Monday, January 28, 2013

Bouncer Post #85

Genre: YA Contemporary
Word Count: 52,000 words


Super-brain Alexis likes everything exactly so. Perfect prep school grades.  School supplies arranged eight inches apart at exact angles. Timed phone calls with her mother. Scheduled hook-ups with her boyfriend Ben. As long as her ongoing self-harm streak is hidden, all is well.

When Alexis receives a B on an essay and then endures an excruciating break-up, her once orderly life spirals into chaos. Now she cuts precise parallel lines on her leg, one inch apart, one for each day since Ben broke up with her. She bangs her head, burns herself—anything to self-soothe and reassert some control over her life.

After her friend accidentally sees her scars, Alexis is trapped into weekly therapy sessions with a counselor, forced disclosure to her parents, and worst of all, dismissal from school if she can’t stop hurting herself. It’s up to Alexis to pull herself out of her hell—that is, if she even wants to.

As an educator and a teacher consultant for the National Writing Project, I know how much the stories of others can speak to teenagers trying to make sense of their own lives. Although there have been other novels about cutting (for example, Patricia McCormick’s Cut and Cheryl Rainfield’s Scars), OUTSIDE IN examines the correlation between perfectionism and self-harm, a survival mechanism for intense pressure.

I am a member of SCBWI and belong to several critique groups. I am also working on two other YA projects.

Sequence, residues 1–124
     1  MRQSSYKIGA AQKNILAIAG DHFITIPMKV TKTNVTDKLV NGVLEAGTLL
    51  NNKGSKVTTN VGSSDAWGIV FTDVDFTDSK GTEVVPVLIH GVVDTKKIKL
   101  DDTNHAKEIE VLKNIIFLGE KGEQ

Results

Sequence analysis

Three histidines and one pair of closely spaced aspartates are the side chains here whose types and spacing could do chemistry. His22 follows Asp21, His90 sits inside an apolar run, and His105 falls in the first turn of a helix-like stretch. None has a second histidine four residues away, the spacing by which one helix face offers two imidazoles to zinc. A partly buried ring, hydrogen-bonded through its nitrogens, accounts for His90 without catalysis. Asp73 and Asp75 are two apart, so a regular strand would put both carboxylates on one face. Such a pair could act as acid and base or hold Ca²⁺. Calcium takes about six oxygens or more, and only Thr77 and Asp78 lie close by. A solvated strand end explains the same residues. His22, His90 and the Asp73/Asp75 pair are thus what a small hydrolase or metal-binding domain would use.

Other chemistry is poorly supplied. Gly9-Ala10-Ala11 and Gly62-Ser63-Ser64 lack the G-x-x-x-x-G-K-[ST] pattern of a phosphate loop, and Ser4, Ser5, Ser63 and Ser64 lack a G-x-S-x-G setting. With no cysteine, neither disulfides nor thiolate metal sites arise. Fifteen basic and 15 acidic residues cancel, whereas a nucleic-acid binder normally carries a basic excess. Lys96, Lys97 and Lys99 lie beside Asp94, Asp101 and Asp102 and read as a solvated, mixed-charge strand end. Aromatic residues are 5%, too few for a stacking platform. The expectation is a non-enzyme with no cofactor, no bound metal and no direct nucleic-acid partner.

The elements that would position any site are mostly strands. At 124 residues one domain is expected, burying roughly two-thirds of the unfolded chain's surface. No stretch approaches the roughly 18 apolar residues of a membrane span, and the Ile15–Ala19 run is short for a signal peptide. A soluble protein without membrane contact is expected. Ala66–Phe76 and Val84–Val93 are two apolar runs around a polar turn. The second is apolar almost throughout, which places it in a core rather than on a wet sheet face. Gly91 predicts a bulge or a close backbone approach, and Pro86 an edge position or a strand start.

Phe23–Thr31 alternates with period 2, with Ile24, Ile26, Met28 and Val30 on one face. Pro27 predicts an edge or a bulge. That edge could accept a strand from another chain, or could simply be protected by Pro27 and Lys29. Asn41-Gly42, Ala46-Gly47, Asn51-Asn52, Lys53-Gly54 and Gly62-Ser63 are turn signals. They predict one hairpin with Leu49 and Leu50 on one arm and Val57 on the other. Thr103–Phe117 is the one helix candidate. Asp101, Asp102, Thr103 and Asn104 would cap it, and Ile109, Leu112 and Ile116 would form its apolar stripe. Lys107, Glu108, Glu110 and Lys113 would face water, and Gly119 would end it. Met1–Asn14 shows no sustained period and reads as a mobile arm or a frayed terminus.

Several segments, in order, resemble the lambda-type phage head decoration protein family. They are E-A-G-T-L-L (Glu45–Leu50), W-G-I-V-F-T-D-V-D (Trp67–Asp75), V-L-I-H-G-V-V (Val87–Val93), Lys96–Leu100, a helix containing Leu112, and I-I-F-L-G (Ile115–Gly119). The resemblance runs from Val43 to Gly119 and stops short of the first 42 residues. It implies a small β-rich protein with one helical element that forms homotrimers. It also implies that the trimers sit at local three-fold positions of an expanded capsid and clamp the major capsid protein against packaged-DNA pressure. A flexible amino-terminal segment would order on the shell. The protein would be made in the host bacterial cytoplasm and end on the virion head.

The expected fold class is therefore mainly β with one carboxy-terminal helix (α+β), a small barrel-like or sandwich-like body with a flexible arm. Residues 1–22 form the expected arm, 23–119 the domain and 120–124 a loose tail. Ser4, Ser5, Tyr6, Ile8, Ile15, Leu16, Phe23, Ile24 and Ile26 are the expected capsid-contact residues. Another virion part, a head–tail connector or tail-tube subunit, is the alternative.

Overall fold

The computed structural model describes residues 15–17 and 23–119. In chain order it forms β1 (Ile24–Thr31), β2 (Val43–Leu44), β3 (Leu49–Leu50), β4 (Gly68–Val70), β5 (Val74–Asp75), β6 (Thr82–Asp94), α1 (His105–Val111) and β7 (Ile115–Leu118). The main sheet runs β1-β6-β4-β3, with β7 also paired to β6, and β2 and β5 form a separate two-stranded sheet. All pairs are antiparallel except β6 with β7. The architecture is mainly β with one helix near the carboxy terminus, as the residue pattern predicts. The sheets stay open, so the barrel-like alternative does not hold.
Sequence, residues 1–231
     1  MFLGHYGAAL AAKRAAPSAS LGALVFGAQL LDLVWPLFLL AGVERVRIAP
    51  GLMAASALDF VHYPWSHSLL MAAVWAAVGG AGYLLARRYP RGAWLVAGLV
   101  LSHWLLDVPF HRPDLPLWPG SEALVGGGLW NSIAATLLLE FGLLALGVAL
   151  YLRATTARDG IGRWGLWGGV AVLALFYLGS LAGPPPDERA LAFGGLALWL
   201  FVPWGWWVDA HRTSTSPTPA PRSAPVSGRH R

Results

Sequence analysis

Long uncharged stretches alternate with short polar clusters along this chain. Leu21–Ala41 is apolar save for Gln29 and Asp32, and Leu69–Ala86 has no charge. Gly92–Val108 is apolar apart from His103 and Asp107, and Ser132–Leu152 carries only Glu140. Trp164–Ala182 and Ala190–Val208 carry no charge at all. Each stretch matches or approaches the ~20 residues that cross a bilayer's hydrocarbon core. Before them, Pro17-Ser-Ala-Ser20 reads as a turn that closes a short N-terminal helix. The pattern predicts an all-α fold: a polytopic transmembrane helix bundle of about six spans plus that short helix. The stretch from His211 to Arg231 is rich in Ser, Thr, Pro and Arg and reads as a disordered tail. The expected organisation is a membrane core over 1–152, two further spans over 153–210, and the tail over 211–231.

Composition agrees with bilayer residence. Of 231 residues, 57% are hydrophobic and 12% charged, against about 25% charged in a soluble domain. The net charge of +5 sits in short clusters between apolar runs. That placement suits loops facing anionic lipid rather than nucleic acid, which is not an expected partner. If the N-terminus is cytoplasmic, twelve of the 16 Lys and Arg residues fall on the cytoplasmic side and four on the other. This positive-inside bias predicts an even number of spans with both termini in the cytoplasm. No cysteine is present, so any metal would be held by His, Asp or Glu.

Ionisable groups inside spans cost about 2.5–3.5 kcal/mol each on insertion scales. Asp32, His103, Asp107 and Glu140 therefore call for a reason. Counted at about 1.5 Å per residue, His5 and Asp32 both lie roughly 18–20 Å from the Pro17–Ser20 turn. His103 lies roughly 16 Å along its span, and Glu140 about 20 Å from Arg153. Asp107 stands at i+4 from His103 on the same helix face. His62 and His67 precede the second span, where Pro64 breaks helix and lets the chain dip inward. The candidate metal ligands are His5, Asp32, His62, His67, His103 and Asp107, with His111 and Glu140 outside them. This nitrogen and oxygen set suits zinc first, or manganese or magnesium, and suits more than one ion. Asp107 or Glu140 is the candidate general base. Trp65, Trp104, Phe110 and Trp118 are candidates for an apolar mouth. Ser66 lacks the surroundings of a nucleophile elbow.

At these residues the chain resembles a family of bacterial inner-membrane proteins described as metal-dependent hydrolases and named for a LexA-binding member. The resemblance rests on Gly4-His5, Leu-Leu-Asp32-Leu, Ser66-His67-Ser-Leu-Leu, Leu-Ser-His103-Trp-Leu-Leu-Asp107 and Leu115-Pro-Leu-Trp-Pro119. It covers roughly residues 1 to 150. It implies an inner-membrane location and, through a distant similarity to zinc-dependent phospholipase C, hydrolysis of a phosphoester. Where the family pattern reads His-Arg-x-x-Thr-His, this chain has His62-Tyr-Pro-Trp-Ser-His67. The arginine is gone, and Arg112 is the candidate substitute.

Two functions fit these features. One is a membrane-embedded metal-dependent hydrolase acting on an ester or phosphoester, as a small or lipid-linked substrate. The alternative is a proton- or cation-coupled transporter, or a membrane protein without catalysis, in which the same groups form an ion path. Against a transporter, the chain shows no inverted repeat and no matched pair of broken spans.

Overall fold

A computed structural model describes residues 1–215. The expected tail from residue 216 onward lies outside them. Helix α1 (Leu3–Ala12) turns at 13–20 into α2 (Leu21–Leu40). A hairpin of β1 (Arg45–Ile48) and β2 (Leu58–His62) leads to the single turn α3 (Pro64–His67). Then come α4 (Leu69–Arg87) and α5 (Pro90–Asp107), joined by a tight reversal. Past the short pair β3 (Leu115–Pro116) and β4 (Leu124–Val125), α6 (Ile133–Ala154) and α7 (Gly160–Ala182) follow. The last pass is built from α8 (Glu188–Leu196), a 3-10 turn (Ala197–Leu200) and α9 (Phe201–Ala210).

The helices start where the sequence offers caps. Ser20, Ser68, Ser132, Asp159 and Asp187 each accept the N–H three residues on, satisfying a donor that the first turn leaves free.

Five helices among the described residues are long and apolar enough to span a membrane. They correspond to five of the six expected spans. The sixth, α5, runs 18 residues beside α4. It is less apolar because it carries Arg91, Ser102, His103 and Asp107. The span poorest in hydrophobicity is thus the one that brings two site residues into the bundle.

First 250:

A bright red B. Oh my God. My lowest grade ever.

I dug my fingernails into my arm and risked a glance at the comments on my paper. All bad. I couldn’t read any more—plenty of time to memorize the rest later. I stuffed the paper into my binder before anyone could see it.

My throat closed up and I couldn’t draw a full breath. My G.P.A. would sink. Miranda would pass me in class rank. One single B could ruin everything at our school.
What would my mother say? She’d never forgive me when she saw that B.

“I’ll be right back,” I said, and walked-ran out of the classroom.

Made it into the hallway, close to the bathroom. Such a fool. I clenched my teeth. I should have spent more time on the paper until it was flawless.

I made it to the safety of a marbled stall.

Why didn’t I work harder? I didn’t deserve an A anyway. Dummy, lazy, fat moron.

I jerked up my left sleeve. I uncurled a paper clip, molding the metal into a straight line. I scraped the clip back and forth across my fat upper arm until beads of blood popped up.

So stupid, so stupid….

It wasn’t enough. I took a deep breath. I scraped four more times, changing the line into an angular B. Exactly what I deserved.

I pulled my shirt sleeve back down as far as it would go, clutched it with my fist, and went to my next class.


  1. Absolutely brilliant.

    The voice, the writing, the query. So good.

    Good luck.


  2. Yay for YA contemporary! This definitely something I'd read.

    Here's my little comment with one line that I don't think works. If you break it up, it won't make sense.

    Alexis is trapped into weekly therapy sessions with a counselor, forced disclosure to her parents, and worst of all, dismissal from school if she can’t stop hurting herself.

    Breaking it up:
    Alexis is dismissal from school...
    Alexis is trapped into dismissal from school...